Probiotic Benefits

Welcome back!

As you already know, Probiotics have known and other soon to be discovered benefits to our overall health, as well as benefits in certain ailments.  A recently published study supports the use of Probiotics in very prevalent conditions such Irritable Bowel Disorder, Antibiotic Associated Diarrhea (including treatments for Helicobacter Pylori), and improvements in overall symptoms for these commonly diagnosed conditions.

I have consistently believed and recommended Probiotics for these and other conditions and I am very excited about the results of this study.  I have summarized the highlights for you below.

Ancoraflor – Daily Health Probiotic has been used by hundreds of patients and we at Ancora are proud to report the high amount of patient satisfaction we have received.  This report and the benefits I have seen with Probiotics fully support the Better Balance. Better Health concept.

Here is the summary!

IBS = Irritable Bowel Syndrome

Helicobacter Pylori = A bacteria associated with Peptic Ulcer Disease

AAD = Antibiotic Associated Diarrhea

Systematic review: probiotics in the management of lower gastrointestinal symptoms in clinical practice – an evidence-based international guide

A P S Hungin, C Mulligan, […], and N Wit

Practical implications of consensus statements for physicians

Grade of evidence for effect                    Symptoms/indications Meaning for physicians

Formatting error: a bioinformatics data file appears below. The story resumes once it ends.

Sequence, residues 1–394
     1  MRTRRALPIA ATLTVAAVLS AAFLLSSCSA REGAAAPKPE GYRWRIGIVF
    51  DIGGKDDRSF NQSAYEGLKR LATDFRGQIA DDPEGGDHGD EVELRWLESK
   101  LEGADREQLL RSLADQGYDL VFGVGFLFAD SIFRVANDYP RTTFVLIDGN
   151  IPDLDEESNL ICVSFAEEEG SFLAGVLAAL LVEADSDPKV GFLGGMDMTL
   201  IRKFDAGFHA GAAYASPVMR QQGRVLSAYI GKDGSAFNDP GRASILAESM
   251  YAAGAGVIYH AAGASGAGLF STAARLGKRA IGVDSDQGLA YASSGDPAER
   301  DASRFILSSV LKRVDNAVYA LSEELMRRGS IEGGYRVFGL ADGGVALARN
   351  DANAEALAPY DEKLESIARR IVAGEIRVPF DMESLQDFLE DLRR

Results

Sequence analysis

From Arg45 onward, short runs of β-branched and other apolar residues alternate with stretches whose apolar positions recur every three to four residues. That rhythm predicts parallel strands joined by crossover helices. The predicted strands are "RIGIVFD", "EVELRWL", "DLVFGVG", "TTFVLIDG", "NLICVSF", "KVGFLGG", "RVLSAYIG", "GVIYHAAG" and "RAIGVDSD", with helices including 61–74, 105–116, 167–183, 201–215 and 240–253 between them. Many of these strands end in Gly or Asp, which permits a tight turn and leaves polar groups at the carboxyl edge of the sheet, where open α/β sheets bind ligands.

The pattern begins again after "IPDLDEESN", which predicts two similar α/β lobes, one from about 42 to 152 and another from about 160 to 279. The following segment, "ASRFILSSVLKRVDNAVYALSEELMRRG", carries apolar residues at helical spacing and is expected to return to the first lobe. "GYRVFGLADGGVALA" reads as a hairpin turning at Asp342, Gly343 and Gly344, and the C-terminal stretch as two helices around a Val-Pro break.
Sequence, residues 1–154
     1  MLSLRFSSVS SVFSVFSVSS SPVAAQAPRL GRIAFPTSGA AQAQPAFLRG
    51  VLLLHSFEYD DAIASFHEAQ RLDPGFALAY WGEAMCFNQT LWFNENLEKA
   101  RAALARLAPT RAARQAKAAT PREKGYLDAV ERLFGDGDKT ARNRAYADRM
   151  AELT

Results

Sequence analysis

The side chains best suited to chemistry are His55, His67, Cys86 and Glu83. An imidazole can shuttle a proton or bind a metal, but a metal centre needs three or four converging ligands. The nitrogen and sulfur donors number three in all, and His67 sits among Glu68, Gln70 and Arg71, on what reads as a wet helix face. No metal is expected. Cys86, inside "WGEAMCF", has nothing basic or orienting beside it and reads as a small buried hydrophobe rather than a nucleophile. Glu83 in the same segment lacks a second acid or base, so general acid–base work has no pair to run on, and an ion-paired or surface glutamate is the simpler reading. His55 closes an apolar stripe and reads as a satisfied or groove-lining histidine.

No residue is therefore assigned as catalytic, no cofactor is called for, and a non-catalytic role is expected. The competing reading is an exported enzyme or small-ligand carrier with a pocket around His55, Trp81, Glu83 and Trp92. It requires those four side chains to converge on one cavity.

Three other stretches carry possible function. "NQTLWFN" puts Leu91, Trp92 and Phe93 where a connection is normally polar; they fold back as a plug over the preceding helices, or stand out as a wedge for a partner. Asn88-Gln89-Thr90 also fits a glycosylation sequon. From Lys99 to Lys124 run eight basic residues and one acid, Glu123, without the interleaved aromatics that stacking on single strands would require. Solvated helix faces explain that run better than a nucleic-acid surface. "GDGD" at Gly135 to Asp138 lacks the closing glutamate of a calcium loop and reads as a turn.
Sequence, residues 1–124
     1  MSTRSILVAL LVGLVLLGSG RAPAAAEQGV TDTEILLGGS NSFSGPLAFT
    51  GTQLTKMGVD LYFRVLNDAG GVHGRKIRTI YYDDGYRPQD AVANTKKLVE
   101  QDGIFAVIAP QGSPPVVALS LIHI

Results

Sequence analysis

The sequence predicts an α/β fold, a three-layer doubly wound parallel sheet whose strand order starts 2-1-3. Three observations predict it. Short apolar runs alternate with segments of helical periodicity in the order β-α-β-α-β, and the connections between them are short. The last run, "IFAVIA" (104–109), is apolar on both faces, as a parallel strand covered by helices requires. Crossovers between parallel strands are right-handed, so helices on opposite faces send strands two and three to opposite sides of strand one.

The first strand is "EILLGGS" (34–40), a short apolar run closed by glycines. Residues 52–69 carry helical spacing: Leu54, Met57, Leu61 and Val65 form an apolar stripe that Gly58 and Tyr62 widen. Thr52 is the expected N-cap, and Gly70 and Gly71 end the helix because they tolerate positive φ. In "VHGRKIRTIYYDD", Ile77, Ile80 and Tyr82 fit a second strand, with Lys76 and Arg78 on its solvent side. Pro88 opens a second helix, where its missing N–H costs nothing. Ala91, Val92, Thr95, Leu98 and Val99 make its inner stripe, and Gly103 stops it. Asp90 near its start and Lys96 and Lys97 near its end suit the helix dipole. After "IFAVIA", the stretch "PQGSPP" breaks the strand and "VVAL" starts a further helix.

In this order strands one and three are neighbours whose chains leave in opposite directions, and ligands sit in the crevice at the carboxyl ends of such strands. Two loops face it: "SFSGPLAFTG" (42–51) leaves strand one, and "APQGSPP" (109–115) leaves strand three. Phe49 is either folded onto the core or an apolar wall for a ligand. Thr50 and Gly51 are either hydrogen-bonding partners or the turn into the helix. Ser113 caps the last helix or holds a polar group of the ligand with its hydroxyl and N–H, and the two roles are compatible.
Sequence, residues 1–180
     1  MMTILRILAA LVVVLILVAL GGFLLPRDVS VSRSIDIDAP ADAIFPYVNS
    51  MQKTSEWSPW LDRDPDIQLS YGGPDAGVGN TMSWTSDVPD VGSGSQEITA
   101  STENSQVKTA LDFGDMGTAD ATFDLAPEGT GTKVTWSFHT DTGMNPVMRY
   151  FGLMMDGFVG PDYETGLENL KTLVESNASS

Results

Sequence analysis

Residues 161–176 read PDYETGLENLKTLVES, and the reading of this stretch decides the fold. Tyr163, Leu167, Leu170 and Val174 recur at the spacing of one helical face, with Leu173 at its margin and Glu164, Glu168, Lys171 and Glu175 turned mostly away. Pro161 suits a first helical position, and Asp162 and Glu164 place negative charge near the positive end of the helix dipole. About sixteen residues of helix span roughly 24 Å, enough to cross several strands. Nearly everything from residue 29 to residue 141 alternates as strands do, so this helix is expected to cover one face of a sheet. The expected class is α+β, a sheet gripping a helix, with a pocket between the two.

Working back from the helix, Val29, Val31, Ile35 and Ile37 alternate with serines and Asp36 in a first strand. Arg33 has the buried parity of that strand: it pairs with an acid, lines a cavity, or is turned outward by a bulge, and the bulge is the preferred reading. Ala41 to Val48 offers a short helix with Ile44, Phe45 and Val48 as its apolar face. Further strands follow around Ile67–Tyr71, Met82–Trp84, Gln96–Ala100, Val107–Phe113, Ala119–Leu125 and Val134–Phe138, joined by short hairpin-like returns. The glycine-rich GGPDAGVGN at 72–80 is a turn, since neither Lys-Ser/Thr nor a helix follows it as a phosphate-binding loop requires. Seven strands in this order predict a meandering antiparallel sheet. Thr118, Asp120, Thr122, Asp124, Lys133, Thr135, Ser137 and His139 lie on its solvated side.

High Overall symptoms and abdominal pain in IBSPrevention or reduction of diarrhea in patients receiving antibiotics, including Helicobacter pylori eradication therapy Probiotics with supportive evidence for benefit should be tried
Moderate Overall symptoms in IBS-D (Diarrhea) Bowel movements and bloating/distention in IBS Probiotics with supportive evidence for benefit could be tried
Low Overall symptoms in IBS-C Probiotics with supportive evidence for benefit could be considered
Very low Flatus in IBS*Diarrhea in IBS Currently no evidence to support use of probiotics



Thirty seven studies were included; mostly on irritable bowel syndrome [IBS; 19 studies; treatment responder rates: 18–80% (specific probiotics), 5–50% (placebo)] or antibiotic-associated diarrhea (AAD; 10 studies). Statements with 100% agreement and ‘high’ evidence levels indicated that: (i) specific probiotics help reduce overall symptom burden and abdominal pain in some IBS patients; (ii) in patients receiving antibiotics/Helicobacter pylori eradication therapy, specified probiotics are helpful as adjuvants to prevent/reduce the duration/intensity of AAD; (iii) probiotics have favorable safety in patients in primary care. Items with 70–100% agreement and ‘moderate’ evidence were: (i) specific probiotics help relieve overall symptom burden in some patients with diarrhea-predominant IBS, and reduce bloating/distention and improve bowel movement frequency/consistency in some IBS patients and (ii) with some probiotics, improved symptoms have led to improvement in quality of life.


Specified probiotics can provide benefit in IBS and antibiotic-associated diarrhea; relatively few studies in other indications suggested benefits warranting further research. This study provides practical guidance on which probiotic to select for a specific problem.